Jamie Quarles has stuffed plenty of memories in his past four years, and he’s far from finished.
At 25, the Augusta State men’s basketball assistant coach is laying a foundation for his future in the sport. Eventually, he wants to be a head coach in college on some level.
“There is no such thing as a bad job,” he said. “You either have a job or you don’t have a job.”
These days, Quarles is plenty busy. He’s helped Jaguars head coach Dip Metress with recruiting, as well as organized Garret Siler’s third-annual basketball camp in July. Also, Quarles coordinated a freshmen retention program on campus this past academic year.
“Time’s been pretty busy,” he said. “But I manage it.”
This week, he’s plenty swamped. Tuesday is the last day of classes; he is a year away from getting his graduate degree in Kinesiology & Health Science. Wednesday he has a presentation. Thursday is the school’s athletic banquet. Then Friday he leaves the country for a month.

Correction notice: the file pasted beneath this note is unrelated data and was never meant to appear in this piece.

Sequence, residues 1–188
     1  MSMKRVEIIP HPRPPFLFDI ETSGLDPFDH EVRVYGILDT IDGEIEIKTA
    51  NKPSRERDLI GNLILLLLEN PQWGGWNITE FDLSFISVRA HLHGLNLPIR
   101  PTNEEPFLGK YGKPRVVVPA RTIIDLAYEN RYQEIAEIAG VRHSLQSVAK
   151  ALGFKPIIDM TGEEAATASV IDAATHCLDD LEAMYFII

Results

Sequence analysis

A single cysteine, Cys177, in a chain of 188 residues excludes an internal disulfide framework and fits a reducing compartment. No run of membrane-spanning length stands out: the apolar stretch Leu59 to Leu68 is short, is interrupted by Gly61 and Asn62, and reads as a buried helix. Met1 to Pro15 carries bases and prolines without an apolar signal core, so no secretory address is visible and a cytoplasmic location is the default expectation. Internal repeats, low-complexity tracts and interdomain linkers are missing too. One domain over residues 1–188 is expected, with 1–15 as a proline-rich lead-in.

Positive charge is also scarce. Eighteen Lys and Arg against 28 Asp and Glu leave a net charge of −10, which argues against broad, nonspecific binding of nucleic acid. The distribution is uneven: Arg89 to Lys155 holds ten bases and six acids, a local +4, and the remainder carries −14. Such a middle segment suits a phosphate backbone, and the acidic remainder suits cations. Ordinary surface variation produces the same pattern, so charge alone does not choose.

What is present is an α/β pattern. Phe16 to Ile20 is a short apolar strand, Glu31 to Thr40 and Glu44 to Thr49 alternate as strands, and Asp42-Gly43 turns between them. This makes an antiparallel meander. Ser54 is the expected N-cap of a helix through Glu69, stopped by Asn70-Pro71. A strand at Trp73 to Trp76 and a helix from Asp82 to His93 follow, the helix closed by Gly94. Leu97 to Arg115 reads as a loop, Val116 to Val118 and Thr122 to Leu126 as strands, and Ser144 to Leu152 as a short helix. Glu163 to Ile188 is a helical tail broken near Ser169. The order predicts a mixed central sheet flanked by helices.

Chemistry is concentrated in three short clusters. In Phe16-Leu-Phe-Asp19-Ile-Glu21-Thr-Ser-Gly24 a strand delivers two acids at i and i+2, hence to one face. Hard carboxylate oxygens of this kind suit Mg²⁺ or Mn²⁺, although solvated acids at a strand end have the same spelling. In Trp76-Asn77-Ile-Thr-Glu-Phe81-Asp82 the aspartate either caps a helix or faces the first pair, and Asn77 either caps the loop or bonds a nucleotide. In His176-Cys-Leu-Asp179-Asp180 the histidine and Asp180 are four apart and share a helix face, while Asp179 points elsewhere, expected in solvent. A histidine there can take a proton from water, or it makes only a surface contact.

Quarles is representing Rotary District 6920 as part of the Group Study Exchange Team trip that includes four other non-Rotarians. As part of a seven-city goodwill mission, Quarles and his team members will stay in the homes of Rotarians; he is armed with local Rotary flags and Masters Tournament memorabilia to give to his host family.
“I’m excited,” he said It’ll give me a chance to grow professionally.”
Quarles grew by leaps and bounds when, as a backup guard, he helped provide senior leadership on Augusta State’s run to the NCAA Division II title game in March 2008. After getting his degree, he spent two seasons as head coach of the Oak Hill Academy varsity red team.
After leading his program to a 44-15 mark in two seasons, Quarles took a job as an assistant coach at King College. He spent a season there before returning to his alma mater.
“I don’t want to be a job-hopper,” he said. “But I couldn’t pass up the opportunity to come home and be with Dip.”
Quarles said his first year with Augusta State was quite different than his experience at King. During timeouts, it was just Metress and Quarles, and Metress oftentimes asked Quarles for his advice.
“To know that he trusts me and he values my opinion, that’s going to prepare me to be a head coach,” Quarles said. “This experience right now is invaluable.”